Dubai: The issue of Skype, and its legal status, has become a major talking point among the UAE’s residents since it went offline again last year.
This week, Dubai’s senior government official overseeing smart cities and new technologies called the situation “annoying,” and said she was hopeful that the ban would be lifted soon on the video and voice call chat application.
Aisha Butti Bin Bishr, director general of Smart Dubai, told Gulf News in an interview on Wednesday that Skype was “one of the essentials of life,” and it being banned, despite Dubai positioning itself as one of the most connected, technological cities in the world, was “annoying, for sure.”
“Not only [is it essential] for smart cities, but also for individuals,” she said.
Bin Bishr was speaking on the sidelines of the Future Blockchain Summit in Dubai.
Earlier in the week, Microsoft confirmed to Gulf News that it was in talks with the UAE’s Telecommunications Regulatory Authority (TRA) to lift the ban on Skype.
Local Arabic newspaper Al Ittihad quoted Hamad Obaid Al Mansouri, director general of the TRA, as saying that the TRA was in talks with Microsoft and Apple regarding Skype and FaceTime (another video chat application, by Apple). He emphasised the need to maintain a strong relationship with the tech companies, at a time when their investments in the UAE are growing.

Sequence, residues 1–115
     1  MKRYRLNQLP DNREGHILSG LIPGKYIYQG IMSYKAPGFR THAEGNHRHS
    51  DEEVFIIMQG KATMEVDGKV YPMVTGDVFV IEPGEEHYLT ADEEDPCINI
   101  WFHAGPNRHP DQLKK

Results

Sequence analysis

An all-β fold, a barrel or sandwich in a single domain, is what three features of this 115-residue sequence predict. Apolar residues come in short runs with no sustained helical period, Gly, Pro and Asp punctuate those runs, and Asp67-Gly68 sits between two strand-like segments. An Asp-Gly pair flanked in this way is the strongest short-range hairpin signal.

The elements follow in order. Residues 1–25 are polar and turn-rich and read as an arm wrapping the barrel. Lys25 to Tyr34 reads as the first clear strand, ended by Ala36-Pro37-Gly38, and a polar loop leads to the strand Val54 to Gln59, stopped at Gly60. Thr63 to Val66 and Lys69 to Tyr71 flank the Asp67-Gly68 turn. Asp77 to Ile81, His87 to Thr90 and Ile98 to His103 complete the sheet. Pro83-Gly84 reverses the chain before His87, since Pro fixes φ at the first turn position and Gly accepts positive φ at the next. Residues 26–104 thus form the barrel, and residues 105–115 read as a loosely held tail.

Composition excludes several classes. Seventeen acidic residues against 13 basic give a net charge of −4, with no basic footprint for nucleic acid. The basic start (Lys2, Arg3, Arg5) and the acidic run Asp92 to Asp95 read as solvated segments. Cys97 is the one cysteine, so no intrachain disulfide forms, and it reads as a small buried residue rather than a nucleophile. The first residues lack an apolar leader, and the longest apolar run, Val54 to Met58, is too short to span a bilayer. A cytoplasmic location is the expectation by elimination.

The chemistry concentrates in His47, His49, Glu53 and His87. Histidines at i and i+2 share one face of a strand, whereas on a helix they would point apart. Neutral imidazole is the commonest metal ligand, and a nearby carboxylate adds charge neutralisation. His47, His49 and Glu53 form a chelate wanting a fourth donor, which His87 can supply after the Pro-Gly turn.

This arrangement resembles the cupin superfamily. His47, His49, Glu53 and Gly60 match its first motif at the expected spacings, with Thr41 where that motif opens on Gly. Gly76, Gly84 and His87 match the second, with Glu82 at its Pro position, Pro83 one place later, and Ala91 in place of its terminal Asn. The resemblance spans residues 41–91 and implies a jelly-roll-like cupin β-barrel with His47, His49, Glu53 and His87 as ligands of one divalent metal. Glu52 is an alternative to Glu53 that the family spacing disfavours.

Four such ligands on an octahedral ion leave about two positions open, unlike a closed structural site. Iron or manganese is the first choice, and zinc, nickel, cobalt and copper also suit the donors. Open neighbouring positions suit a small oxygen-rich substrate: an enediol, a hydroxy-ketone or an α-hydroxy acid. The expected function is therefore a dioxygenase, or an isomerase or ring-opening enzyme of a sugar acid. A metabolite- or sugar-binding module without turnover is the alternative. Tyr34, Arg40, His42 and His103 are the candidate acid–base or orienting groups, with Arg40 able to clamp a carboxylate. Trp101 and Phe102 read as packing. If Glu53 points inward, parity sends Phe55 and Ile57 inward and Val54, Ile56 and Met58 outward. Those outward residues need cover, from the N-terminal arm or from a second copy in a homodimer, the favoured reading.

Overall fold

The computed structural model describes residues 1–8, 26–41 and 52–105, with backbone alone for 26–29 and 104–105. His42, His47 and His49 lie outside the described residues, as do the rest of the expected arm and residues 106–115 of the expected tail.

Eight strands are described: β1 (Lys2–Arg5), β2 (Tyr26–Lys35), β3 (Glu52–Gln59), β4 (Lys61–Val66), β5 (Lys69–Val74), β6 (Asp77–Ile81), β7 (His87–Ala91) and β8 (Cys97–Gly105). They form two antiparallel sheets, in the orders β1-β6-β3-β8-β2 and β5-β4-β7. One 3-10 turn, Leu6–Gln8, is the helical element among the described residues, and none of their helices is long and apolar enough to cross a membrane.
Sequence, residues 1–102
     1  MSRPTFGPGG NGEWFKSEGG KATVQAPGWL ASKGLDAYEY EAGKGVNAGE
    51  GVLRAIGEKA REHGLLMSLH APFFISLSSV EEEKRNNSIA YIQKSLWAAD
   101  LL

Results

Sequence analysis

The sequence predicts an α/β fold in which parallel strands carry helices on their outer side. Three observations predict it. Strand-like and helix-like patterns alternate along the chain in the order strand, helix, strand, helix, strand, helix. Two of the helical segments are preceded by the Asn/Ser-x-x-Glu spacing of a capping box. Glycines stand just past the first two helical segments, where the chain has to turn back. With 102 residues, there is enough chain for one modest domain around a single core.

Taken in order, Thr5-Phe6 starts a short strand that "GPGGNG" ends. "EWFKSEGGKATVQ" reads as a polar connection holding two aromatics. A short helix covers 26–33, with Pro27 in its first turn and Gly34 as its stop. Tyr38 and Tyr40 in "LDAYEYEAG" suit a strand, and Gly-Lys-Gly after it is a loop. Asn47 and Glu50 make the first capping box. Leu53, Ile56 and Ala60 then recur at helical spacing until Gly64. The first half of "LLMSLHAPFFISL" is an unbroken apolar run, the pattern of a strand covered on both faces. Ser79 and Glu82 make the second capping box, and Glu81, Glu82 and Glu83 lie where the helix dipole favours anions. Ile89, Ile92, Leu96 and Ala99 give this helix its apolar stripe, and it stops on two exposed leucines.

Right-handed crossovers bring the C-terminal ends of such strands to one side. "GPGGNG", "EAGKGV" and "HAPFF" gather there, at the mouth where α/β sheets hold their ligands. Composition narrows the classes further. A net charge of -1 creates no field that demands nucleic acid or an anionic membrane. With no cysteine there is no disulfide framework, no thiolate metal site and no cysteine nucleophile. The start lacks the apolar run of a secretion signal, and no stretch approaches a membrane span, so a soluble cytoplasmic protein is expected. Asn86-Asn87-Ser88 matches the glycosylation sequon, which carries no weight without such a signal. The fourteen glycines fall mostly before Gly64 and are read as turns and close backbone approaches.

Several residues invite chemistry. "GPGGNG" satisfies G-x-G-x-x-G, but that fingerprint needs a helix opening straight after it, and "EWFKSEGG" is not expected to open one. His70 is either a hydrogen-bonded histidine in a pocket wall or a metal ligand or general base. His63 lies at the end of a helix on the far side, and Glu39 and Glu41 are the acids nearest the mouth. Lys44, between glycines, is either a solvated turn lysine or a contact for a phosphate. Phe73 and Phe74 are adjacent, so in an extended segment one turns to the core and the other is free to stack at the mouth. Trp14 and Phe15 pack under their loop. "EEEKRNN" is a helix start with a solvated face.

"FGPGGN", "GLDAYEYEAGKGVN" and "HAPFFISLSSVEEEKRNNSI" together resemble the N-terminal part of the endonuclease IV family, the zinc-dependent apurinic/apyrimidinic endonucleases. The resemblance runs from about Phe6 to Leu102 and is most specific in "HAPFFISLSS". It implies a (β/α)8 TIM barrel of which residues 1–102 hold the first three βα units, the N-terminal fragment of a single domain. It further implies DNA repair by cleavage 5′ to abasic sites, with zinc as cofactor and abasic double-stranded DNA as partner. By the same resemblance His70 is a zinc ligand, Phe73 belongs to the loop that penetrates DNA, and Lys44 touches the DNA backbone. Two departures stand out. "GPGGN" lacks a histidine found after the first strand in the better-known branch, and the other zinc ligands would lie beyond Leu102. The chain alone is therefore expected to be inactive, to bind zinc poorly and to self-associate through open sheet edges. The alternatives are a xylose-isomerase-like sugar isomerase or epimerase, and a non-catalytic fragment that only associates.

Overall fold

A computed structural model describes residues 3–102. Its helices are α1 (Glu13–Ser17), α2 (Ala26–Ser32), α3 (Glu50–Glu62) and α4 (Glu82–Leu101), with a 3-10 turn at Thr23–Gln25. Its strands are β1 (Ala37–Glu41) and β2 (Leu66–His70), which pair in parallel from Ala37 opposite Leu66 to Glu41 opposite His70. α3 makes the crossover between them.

“We are working very closely with our telcos [du and etisalat] and the authorities, the regulators, to understand how to ease this component,” and very soon, Bin Bishr added, she hoped to have “good news.”
Services like Skype have had a fraught relationship with regulators in the UAE ever since their introduction, but the Microsoft-owned company has been completely throttled since last July, meaning calls can be made but often sound scrambled as internet providers restrict the necessary bandwidth for a clear call.
Analysts say that the ban on voice over internet protocol (VoIP) services such as Skype, Viber and WhatsApp likely stems from a desire to protect company revenues, and to preserve security.
Many of these applications use end-to-end encryption, meaning that only the devices sending and receiving communications in a conversation can hear or view them. This poses a concern to governments who may want access to such communications.
“We have been working closely with the local authorities towards gaining a better understanding of the local requirements in an effort to get Skype unblocked,” a Microsoft spokesperson told Gulf News on Monday.